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Report of an Expert Consultation on the Uses of Nucleic Acid Amplification Tests for the Diagnosis of Tuberculosis

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General Recommendations of the Expert Panel:

  1. All U.S. clinicians and public health TB programs should have access to molecular tests to aid in the diagnosis of TB. NAA testing for TB should become standard practice for TB suspects.
  2. NAA testing should be performed on a respiratory specimen from each patient with signs and symptoms of active pulmonary TB disease for whom a diagnosis of TB is being considered (i.e., TB suspect), but has not been established.
    1. NAA testing does not replace the need for AFB smear and culture. All current guidelines and recommendations for culture-based testing should remain in effect, especially recommended turn around times for culture and DST.
    2. A single positive NAA test result can support the diagnosis of TB in a patient for whom there is a reasonable index of suspicion. This result should trigger reporting to public health officials, initiation of treatment if not already started, and intensified efforts to obtain an isolate for drug susceptibility testing.
    3. In a patient with little suspicion of having active TB, a single positive NAA test result should be viewed with suspicion (i.e., a possible false-positive result) and interpreted in the same way as a single culture-positive result, i.e., by correlating the results with other diagnostic findings.
    4. A single negative NAA test result should never be used as a definitive test to exclude TB, especially in suspects with a moderate to high clinical suspicion of TB. Rather, the negative NAA test result should be used as additional information to aid in making clinical decisions to expedite a work-up for an alternative diagnosis or to prevent unnecessary use of TB treatment in suspects with a low clinical suspicion.
    5. Specimens may contain inhibitors. Testing for inhibitors should be considered for specimens that are AFB-smear positive and NAA test-negative. Each laboratory should establish the rate of inhibition to determine if routine testing for inhibitors is necessary. If inhibition testing is not performed on NAA test-negative specimens, it should be noted on the laboratory report.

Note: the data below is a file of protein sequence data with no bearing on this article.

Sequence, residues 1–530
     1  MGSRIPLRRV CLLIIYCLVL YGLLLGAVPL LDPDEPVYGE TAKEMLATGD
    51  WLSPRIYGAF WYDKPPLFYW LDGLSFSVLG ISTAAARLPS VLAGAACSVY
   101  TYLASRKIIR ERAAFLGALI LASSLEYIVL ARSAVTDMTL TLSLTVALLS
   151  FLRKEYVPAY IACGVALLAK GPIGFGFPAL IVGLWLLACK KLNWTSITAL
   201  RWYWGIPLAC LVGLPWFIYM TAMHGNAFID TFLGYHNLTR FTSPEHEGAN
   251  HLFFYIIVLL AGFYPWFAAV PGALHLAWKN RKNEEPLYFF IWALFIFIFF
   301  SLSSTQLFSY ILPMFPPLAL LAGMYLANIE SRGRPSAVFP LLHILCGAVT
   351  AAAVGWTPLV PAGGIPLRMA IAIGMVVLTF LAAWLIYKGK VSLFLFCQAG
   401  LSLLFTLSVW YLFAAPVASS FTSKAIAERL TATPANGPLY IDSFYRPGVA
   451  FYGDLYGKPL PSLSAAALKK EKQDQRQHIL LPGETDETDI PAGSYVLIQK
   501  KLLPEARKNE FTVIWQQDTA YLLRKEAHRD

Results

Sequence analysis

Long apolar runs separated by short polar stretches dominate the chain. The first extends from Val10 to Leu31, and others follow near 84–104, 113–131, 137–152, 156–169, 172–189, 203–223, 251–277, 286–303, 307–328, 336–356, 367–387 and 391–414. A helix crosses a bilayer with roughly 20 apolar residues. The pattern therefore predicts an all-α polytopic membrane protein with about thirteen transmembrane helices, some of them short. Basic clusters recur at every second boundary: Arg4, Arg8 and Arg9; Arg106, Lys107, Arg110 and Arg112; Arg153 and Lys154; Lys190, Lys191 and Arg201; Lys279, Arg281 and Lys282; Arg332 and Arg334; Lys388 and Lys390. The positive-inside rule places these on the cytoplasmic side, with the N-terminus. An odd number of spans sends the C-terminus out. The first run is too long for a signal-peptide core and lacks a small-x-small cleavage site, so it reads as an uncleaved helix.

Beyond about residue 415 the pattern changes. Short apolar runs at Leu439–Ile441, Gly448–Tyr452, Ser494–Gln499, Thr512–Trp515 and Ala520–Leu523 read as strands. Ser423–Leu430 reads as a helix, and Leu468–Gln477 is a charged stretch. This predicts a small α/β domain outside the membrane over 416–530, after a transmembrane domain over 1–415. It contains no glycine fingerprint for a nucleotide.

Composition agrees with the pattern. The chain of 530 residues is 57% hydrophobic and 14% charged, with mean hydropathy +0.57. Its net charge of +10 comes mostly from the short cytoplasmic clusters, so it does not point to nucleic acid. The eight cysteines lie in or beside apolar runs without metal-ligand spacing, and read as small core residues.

6. If the clinician is inexperienced with the diagnosis and treatment TB, consultation with a TB expert should be obtained with respect to the interpretation of NAA test results in the context of other diagnostic evidence.
  3. It is recommended that the appropriate work group consider amending the guidelines for ‘Controlling the Transmission of TB in Health Care Settings 2005’ section on ‘Suspected TB Disease’ to: ‘For patients placed under airborne precautions because of suspected infectious TB disease of the lungs, airway, or larynx, airborne precautions can be discontinued when infectious TB disease is considered unlikely and either 1) another diagnosis is made that explains the clinical syndrome, 2) the patient has three negative AFB sputum smear results,’ or 3) the patient has a sputum specimen that has a negative NAA test result and two additional sputum specimens that are AFB-smear negative. ‘Each of the three consecutive sputum specimens should be collected in 8–24-hour intervals, and at least one specimen should be an early morning specimen because respiratory secretions pool overnight. Generally, this method will allow patients with negative sputum smear results to be released from airborne precautions in 2 days.’